[ February 28, 2003, 11:07 AM: Message edited by: AlexG ]
post #39 of 53
wow. This is great. Robin, once again I bow to your wisdom and experience.

"adults should be so easy" is so accurate.

I have been working so hard with our kids club staff on this idea of teaching skills in a natural environment and that it is so easy. A lot of the young teachers are so stuck on the pizza/wedge thing that they see it as the only way.

My son started skiing on xc gear at 1-1/2 years. Just for 20 minutes or so at a time; generally as long as he was interested that day. The next season I took him out on the hill several times as well as played on small hills on the xc gear. And at 3-1/2 he was skiing most of the groomed terrain on the hill, except for the steepest ones.

He actually skied with very little wedging up until 3-1/2, when he started spending more time with the kid's club program (being a single dad who teaches for a living, I have had to utilize the all-day program). I think it was a combination of watching the other kids and being taught the braking-wedge by someone who didn't know any better. But he started brake-wedging everything, after a season or so of not really using it much.

I decided not to panic too badly and just keep on with my 'ski by example' without even asking him to copy me approach. Sure enough he would eventually holler "Dad! Look!" and rip off some parallel turns, or short-swing check turns or something and then go back to brake-wedging S#*%tuff. So it's ok. But I find myself more and more confused by instructors who see the braking wedge as the only option to extend to either kids or adults.

One thing I certainly do is teach the difference between a braking wedge and gliding wedge to people who come to me with the braking wedge as their only tool. Lo and behold, soon they are going with the glide (with the adults asking me why their other instructor(s) don't teach them the same stuff) and using turn shape for speed control instead of that horrendously 'turn preventing' braking wedge.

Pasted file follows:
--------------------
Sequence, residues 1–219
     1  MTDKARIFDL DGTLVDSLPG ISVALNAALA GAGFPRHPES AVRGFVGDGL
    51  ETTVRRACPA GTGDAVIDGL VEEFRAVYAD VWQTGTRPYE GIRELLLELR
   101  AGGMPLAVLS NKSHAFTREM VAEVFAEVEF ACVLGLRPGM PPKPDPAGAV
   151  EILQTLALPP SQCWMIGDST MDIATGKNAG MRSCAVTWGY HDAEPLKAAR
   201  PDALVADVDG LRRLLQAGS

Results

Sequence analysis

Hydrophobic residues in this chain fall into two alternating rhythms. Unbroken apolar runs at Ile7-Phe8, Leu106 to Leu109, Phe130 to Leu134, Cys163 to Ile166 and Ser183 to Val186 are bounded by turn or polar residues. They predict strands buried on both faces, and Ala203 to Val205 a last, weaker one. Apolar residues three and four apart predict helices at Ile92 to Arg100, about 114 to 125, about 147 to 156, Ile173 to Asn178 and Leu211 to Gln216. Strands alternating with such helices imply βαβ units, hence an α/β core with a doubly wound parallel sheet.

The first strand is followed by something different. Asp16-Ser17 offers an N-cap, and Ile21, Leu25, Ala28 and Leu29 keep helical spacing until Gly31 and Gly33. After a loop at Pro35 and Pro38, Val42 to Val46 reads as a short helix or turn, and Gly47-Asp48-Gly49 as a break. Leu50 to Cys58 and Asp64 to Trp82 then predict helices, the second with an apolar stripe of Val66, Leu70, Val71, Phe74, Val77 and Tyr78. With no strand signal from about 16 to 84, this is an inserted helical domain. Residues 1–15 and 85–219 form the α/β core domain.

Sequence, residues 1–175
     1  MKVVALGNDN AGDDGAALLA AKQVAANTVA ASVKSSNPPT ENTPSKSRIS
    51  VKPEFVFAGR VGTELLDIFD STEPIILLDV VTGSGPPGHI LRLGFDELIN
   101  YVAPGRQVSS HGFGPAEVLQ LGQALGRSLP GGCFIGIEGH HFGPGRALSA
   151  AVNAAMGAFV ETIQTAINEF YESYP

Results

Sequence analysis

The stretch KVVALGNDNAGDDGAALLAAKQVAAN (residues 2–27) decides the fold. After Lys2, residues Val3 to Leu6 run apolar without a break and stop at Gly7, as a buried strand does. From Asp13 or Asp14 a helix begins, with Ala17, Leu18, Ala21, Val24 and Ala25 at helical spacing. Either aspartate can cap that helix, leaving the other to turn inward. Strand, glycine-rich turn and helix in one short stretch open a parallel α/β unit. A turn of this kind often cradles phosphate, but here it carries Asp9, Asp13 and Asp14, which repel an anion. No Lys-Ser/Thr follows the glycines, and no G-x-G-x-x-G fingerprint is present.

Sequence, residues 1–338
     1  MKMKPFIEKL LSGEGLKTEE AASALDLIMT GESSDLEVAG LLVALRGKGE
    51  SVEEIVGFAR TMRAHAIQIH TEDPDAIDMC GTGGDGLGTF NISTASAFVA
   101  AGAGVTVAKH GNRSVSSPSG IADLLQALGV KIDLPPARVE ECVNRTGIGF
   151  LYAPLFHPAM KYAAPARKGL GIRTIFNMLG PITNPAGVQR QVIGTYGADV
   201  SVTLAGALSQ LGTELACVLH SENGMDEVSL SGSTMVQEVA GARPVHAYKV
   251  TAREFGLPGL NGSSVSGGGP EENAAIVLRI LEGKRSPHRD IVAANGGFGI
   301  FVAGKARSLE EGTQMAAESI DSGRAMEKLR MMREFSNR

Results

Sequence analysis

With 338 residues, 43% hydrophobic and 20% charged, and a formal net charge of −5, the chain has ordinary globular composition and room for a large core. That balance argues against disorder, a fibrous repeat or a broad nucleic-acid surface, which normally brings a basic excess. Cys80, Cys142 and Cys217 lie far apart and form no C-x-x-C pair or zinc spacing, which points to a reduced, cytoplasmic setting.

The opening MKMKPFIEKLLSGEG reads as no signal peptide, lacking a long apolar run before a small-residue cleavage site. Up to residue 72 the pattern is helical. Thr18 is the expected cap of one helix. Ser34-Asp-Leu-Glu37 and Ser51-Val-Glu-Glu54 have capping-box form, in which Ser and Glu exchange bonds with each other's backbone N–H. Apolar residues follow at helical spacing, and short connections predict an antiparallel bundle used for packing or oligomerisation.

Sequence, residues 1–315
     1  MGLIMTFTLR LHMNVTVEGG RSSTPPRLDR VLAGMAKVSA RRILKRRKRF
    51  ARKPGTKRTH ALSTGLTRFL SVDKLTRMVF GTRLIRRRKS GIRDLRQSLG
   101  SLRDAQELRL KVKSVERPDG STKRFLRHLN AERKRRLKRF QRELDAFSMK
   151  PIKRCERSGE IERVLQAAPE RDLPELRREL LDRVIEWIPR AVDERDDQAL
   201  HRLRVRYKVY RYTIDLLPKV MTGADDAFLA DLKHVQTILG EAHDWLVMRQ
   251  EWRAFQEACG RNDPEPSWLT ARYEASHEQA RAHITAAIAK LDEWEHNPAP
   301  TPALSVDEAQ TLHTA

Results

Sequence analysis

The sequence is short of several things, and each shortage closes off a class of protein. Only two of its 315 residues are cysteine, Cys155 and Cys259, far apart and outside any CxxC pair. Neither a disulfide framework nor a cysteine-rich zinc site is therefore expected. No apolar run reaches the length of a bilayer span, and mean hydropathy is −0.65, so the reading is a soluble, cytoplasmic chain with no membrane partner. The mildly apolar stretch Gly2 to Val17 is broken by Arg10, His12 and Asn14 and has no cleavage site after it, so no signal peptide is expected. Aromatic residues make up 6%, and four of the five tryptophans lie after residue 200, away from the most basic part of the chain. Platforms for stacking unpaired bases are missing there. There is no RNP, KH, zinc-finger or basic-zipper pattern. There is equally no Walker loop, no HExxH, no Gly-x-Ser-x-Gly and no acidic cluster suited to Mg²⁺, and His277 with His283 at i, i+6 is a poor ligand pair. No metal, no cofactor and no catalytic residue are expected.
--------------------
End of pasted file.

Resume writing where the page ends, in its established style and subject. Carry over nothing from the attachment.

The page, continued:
I guess the braking wedge is like a gun(people shoot people). "The braking-wedge doesn't misunderstand people, people misunderstand the braking-wedge!"

Anyway, I have learned much from my son and the book "Teaching Children to Ski" written by a couple of Norwegians about how to deal with kids and it all works whether with a group of them or not. It's all about the environment/terrain and maximizing the opportunity to slide (with a little guidance).

Inexperienced instructors who are placed with kids for the first couple years of teaching ought to know that they are there for the kids to teach them, not the other way around. And the same goes for instructors with experience who 'blame kids' for being difficult to teach. The problem AIN'T with the kids!

instead of the wedge, teach them to balance over their feet!
" " " " teach them to engage/release their edges!
" " " " teach them to turn their feet!

[ February 28, 2003, 11:38 AM: Message edited by: Roto ]
post #40 of 53
Thread Starter 
Roto, thank you! I knew I was not alone there! [img]graemlins/thumbsup.gif[/img] [img]smile.gif[/img]

"I guess the braking wedge is like a gun (people shoot people). "The braking-wedge doesn't misunderstand people, people misunderstand the braking-wedge!"

Exactly my point. A wedge is not a beginner skiing tool; nor is it a technique.

post #41 of 53
Roto, good to see you back! I agree with all you said. Back in 83-84 at Purgatory we taught every First timer on nordic on the first day, then switched to alpine. Worked extremely well with kids!